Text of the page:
In the next round teams dropping down from the Champions' League will be included in the draw which will add more colour. Every incentive then to pull out all the stops on November 1.

UEFA president Lennart Johansson officially opened the Greene King stand before the game and a crescendo of fireworks signalled the arrival of the players on to the field.

But after a bright opening it was all rather dull for Town fans. Burley has certainly accumulated a cosmopolitan squad and at the end of the game players eligible to play for eight different countries were representing Ipswich.

But how the side cried out for a local player with a bit of bustle, grit and no little skill like Trevor Whymark showed the last time Ipswich played Swedish opposition in Europe.

The England international found the net four times at home in a 5-0 romp against Landskrona in 1977.

Chris Makin was left out of the starting line-up for the first time this season and Fabian Wilnis came in to well without being able to make the forward runs that were expected from him.

After 34 minutes Burley switched Hermann Hreidarsson to partner John McGreal, with Mark Venus moving to the left side of the back four. Although the Icelander was not at his best in the middle, Venus' forays up the wing did lead to more accurate crosses into the box.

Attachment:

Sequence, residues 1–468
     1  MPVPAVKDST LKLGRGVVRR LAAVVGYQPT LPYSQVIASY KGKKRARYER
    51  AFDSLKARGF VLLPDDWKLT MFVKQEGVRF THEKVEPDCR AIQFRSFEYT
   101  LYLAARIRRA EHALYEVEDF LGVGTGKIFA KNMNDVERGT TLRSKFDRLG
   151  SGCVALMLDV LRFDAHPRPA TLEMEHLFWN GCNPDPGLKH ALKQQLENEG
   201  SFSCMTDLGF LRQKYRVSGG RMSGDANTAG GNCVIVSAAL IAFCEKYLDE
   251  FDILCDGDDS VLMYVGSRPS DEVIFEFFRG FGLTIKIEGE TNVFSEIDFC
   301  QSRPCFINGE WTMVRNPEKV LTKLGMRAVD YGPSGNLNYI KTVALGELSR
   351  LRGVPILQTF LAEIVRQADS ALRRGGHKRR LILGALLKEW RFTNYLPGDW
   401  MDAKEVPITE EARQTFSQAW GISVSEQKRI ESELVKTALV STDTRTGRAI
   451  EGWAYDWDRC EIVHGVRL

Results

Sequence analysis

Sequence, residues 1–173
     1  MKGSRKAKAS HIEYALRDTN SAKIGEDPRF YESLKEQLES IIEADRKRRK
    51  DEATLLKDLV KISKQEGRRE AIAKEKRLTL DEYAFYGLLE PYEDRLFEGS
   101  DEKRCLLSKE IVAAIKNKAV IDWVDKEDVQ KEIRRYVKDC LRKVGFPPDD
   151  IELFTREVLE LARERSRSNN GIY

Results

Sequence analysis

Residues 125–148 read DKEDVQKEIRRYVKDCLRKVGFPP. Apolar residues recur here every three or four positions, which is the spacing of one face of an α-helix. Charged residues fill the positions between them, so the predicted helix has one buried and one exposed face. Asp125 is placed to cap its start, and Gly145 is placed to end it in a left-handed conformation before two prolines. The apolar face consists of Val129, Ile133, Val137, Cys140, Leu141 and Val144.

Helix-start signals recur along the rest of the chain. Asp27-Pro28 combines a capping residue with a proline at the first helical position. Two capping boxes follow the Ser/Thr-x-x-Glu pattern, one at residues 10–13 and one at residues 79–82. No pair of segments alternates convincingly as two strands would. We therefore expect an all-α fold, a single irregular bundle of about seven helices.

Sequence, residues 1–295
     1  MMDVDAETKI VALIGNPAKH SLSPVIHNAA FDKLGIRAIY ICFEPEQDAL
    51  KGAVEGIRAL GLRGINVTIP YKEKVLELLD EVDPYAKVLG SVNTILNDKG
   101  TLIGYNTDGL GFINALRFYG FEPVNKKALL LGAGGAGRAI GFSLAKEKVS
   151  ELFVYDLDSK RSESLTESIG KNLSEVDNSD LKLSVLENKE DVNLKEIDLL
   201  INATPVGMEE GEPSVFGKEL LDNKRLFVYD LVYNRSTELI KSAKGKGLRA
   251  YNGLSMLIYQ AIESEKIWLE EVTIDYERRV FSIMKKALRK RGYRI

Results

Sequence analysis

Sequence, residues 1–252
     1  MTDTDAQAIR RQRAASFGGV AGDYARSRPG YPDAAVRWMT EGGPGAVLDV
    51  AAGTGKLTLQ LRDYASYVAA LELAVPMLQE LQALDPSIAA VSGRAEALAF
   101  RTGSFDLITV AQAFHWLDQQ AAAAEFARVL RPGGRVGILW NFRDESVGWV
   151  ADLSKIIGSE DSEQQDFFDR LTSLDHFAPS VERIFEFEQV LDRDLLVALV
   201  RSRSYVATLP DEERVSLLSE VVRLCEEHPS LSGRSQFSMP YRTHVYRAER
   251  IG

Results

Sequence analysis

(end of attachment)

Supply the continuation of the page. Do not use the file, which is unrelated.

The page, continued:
A combination of a poor final ball by Ipswich and an ability to pick up anything loose by a packed Helsingborg midfield led to no end of moves breaking down before they reached the opposition penalty area.

There were a number of times when the visitors looked as though they must score but Sereni stood firm – and Ipswich are still alive.

Town fans were in good voice and are doing their best to enjoy the European experience. However, the frailties that have shown up in the Barclaycard Premiership this campaign have been in evidence in the two home UEFA Cup games. And there will be plenty of nail biting between now and a couple of weeks when Ipswich will have to play with more invention and confidence to come back from Sweden in good cheer.

If not it will be yet another disappointment.